jMock 1: Writing Custom Stubs

A mock object does two things: it tests that it receives the expected method invocations and it stubs the behaviour of those methods. Almost all methods can be stubbed in one of three basic ways: return nothing (a void method), return a result to the caller or throw an exception. Sometimes, however, you need to stub side effects of a method, such as a method that calls back to the caller through an object reference passed as one of its parameters. Luckily, jMock makes it easy to write custom stubs for methods with strange behaviours and keep your tests easy to read when you do so.

Here's a simple example: we want to test a NameCollector object that collects the names of a collection Named objects. It will do so by passing a List to the collectName method of the named objects. The named objects implement collectName by addding their name to the list they receive. The Named interface is shown below:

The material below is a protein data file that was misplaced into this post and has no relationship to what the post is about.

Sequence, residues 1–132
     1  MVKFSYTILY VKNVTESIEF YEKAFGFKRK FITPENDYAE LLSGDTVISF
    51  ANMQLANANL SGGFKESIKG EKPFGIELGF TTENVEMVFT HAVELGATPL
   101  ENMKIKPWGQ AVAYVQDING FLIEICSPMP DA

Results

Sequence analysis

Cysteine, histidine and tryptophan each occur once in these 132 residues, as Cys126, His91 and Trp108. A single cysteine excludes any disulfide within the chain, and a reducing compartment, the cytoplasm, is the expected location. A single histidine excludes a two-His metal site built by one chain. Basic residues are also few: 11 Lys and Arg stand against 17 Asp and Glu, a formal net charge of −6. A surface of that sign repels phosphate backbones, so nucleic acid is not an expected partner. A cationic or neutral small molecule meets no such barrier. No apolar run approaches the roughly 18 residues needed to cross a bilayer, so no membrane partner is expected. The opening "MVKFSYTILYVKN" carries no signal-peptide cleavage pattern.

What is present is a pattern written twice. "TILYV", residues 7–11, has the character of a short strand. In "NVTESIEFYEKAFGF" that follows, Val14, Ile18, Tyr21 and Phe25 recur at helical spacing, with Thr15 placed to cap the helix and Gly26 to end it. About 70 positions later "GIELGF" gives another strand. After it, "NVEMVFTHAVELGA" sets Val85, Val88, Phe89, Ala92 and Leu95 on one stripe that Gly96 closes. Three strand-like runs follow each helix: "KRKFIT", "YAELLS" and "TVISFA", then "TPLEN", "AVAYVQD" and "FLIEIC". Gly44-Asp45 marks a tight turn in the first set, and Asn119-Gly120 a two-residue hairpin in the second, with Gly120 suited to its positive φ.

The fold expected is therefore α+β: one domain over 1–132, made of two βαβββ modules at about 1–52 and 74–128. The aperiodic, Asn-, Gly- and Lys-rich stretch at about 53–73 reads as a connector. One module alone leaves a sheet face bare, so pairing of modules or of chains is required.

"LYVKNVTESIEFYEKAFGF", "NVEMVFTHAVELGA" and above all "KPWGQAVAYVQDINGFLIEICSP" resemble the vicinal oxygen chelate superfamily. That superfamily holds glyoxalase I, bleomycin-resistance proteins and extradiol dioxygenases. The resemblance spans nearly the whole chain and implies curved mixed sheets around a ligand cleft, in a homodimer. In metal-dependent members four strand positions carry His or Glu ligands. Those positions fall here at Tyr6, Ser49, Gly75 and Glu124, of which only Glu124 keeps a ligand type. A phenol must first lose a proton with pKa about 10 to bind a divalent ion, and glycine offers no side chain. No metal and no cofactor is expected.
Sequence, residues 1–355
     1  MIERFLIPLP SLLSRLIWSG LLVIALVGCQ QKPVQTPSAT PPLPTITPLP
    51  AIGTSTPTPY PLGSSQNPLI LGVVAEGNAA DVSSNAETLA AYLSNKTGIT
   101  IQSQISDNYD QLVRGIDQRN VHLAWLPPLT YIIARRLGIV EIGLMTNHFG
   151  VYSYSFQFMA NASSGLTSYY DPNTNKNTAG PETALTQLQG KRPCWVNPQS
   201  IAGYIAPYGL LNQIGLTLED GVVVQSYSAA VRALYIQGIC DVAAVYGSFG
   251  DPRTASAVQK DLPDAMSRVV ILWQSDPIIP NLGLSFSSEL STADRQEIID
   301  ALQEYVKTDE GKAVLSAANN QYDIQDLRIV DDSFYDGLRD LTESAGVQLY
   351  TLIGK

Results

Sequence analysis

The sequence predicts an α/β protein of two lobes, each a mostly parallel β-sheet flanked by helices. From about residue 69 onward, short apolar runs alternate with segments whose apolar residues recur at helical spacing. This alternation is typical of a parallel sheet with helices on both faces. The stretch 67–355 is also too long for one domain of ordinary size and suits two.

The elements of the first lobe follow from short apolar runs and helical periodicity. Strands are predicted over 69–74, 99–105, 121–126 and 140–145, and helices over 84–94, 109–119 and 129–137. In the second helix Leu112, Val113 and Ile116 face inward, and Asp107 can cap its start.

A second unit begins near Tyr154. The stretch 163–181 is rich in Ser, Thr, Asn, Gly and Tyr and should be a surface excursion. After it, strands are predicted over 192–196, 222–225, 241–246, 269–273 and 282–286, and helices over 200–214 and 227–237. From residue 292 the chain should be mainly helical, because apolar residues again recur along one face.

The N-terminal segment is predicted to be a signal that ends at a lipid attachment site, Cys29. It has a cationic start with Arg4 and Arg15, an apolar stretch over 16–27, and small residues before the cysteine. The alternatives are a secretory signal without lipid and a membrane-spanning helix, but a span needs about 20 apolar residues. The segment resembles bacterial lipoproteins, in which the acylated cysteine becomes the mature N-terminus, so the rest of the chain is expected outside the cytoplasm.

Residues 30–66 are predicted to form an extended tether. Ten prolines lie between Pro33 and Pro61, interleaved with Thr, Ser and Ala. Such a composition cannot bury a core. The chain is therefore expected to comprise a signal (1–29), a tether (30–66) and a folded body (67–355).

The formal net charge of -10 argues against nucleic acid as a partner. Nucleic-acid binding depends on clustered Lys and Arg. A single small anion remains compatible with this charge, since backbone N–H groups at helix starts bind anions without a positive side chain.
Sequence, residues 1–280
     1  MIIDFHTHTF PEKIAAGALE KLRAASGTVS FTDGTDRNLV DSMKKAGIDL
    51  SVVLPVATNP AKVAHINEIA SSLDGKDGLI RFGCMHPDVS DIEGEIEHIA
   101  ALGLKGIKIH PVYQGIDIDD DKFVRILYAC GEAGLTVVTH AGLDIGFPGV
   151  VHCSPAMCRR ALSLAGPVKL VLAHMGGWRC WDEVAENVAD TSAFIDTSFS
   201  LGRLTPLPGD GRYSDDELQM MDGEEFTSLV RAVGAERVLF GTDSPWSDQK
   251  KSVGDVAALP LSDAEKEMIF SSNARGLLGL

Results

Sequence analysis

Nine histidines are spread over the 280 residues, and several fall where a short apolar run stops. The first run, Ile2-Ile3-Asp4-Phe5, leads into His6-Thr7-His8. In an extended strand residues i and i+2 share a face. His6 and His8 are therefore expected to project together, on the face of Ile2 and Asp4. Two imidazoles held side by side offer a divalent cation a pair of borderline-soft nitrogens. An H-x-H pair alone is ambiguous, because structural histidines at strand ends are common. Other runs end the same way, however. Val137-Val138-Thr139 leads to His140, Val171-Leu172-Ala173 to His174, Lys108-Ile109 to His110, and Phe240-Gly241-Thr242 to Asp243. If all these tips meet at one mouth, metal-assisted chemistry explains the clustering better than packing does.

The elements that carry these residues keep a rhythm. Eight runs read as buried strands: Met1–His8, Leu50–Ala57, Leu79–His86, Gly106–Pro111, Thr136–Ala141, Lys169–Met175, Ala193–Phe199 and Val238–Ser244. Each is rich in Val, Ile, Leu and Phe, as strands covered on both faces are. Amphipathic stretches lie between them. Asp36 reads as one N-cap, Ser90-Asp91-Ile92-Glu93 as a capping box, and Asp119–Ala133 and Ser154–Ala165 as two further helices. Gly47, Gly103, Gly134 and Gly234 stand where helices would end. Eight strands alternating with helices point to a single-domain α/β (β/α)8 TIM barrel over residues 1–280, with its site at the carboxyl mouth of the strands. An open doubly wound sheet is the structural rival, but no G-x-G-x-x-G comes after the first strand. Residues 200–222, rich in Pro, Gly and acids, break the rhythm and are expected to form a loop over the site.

public interface Named {
    void collectName( List list );

To test the behaviour of our object we will need to mock the Named interface, and in particular we need to stub the side effect of the collectName method. jMock provides stubs for returning values and throwing exceptions but we will have to write our own class to stub the side effect of the Named objects.

To write a stub:

  1. Write a class that implements the Stub interface. Here's a stub that adds an element to a List received as the first argument of the method.

    public class AddToListStub implements Stub
        Object element;
        public AddToListStub( Object element ) {
            this.element = element;
        public StringBuffer describeTo( StringBuffer buffer ) {
            return buffer.append("adds <"+element+"> to a list");
        public Object invoke( Invocation invocation ) throws Throwable {
            return null;
  2. Write a factory method in your tests class that instantiates your new stub class.

    private Stub addListElement( Object newElement ) {
        return new AddToListStub(newElement);
  3. Call your factory method within the actual parameter list of the mock's will method.

    Mock mockNamed = mock(Named.class);
    String name = "name";